There are many ways to avoid risk. Not doing potentially dangerous activities and avoiding dangerous areas are how we avoid everyday risk. Another way of avoiding risk is to give that risk to a second party. Managing risks requires an understanding of how they will impact to you or your finances by doing nothing. Typically individuals use insurance to avoid financial risks. These individuals feel safe and secure in their homes because of insurance. There are many threats to homes: fire natural disaster, broken water pipes, etc. Individuals and families are financially protected from these risks and many other by homeowners insurance.
For consumers, homeowners insurance has become a commodity that can be fairly purchased because certain protections have been put in place. These protections include:
• Simple and easy to understand terminology
• Common definitions for terms and conditions
• A competitive marketplace with multiple providers
• Fairly distributed risk throughout the insurance marketplace
• Minimum levels of protection
• Insurance (risk avoidance) is proportional to costs
These protections were developed over years by the insurance industry, state and federal insurance commissions, financial institutions and consumer protection groups.
Everyone is proud of America’s health care industry. Our system develops new drugs to treat illnesses, has some of the world’s best hospitals, physicians and schools, and the best treatments in the world for those who can afford it or have insurance. We all look the other way when hearing about friends and neighbors losing their health benefits because of a sick child, not being able to get insurance because of a pre-existing condition or the mediocre ranking of American health care when compared to other countries. An example of this is the US has one of the highest infant mortality rates of any industrialized nation.
Like it or not, The Affordable Care Act (ObamaCare) is the ONLY solution on the table to create a health insurance system similar to auto, life and home insurance. The Affordable Care Act is the ONLY solution on the table that will correct the problems associated with self insured and low income individuals and families obtaining health insurance. Will the Affordable Care Act make the American health care delivery system different? Oh yeah! Over my life span, which is starting to seem like a long time, I have seen many social safety nets launched. Some would be deemed successful and other not so successful. But the bottom-line is they either do what they are designed to do or they are modified.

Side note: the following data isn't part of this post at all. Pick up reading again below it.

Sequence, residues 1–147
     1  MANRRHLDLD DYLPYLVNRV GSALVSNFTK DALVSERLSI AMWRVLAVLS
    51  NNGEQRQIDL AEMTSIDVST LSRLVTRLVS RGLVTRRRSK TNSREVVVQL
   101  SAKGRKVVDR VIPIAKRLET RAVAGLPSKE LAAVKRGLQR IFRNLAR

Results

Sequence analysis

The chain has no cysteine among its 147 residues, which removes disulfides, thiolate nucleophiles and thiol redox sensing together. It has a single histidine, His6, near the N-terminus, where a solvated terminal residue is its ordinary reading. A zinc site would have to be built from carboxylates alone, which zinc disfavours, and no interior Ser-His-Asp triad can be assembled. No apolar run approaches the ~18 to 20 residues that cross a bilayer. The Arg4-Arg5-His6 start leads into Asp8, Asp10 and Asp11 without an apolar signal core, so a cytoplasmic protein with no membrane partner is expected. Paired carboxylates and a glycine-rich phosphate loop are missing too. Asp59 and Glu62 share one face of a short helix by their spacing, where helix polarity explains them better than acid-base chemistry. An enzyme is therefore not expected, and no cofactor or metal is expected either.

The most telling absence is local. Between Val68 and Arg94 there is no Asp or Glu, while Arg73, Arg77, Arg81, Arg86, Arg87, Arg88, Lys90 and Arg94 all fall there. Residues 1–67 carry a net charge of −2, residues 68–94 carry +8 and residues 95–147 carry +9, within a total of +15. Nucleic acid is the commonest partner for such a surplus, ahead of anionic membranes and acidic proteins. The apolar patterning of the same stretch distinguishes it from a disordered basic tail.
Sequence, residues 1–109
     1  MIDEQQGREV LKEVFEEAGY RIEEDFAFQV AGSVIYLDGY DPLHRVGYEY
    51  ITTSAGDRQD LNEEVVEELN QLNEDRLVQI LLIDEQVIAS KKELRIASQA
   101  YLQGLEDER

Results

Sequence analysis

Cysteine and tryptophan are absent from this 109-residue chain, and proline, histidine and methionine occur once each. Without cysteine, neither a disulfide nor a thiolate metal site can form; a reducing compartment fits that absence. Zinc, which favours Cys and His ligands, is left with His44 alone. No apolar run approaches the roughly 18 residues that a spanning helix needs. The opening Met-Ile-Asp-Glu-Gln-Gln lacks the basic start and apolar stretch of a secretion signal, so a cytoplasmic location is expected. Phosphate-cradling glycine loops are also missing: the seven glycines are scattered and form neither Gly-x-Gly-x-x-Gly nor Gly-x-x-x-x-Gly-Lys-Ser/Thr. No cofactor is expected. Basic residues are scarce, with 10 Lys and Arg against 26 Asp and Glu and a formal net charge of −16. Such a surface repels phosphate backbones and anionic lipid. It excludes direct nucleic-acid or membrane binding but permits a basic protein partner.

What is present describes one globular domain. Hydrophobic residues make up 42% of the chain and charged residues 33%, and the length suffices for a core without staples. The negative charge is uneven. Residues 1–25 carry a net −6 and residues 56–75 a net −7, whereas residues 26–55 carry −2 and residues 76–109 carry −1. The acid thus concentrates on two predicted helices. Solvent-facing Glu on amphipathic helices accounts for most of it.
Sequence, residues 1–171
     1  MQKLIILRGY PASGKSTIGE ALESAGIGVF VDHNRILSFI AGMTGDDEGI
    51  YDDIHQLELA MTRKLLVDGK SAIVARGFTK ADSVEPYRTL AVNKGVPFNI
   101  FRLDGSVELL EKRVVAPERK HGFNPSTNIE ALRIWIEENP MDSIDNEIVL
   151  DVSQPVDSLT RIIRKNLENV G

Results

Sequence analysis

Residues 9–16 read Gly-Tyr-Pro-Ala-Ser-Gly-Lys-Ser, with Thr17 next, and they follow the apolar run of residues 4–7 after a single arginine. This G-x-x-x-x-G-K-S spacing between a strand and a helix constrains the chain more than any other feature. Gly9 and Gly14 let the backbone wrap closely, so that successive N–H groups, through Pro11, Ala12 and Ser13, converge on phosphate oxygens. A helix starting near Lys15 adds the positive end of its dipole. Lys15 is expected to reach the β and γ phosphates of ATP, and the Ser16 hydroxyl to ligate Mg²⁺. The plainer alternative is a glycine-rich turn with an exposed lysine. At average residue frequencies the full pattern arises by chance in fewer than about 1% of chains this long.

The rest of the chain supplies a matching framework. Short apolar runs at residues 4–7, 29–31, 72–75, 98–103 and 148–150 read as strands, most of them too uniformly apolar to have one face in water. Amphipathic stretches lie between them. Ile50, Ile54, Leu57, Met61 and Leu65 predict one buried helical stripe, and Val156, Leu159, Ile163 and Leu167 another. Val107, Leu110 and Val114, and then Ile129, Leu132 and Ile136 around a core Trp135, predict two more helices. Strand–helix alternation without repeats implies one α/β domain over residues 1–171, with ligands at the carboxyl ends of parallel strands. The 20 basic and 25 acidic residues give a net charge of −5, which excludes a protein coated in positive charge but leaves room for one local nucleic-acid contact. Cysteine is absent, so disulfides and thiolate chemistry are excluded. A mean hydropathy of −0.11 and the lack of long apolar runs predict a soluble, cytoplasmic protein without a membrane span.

The critics to ObamaCare spout out vague, contradictory and heartfelt reasons why it will not work. But these emotional voices are low on facts, high on emotion, never compare outcomes to available data or provide solutions. Once ObamaCare was signed into law it became a living thing. Like any infant it needs to crawl, walk, and be taught how to benefit Americans. Even the Constitution of the United States has mechanisms to change it when needed.
Some think this infant will grow up and destroy America’s fiscal health. These same people are doing a better job than ObamaCare in performing that task.
In summary, when Social Security and Medicare are discussed, politicians provide solutions to problems they have identified and performed benefit/harm analysis. These same politicians have proclaimed the horrors of the Affordable Care Act and it has not been fully implemented. In all of the industrialized countries with national health care systems none of them have blamed their current or future economic condition on health care. The Affordable Care Act is the Law of the land so let’s treat it like any new law:
• Implement the Law.
• Monitor the Law
• Improve the Law
In the end America will have a healthier and more productive workforce.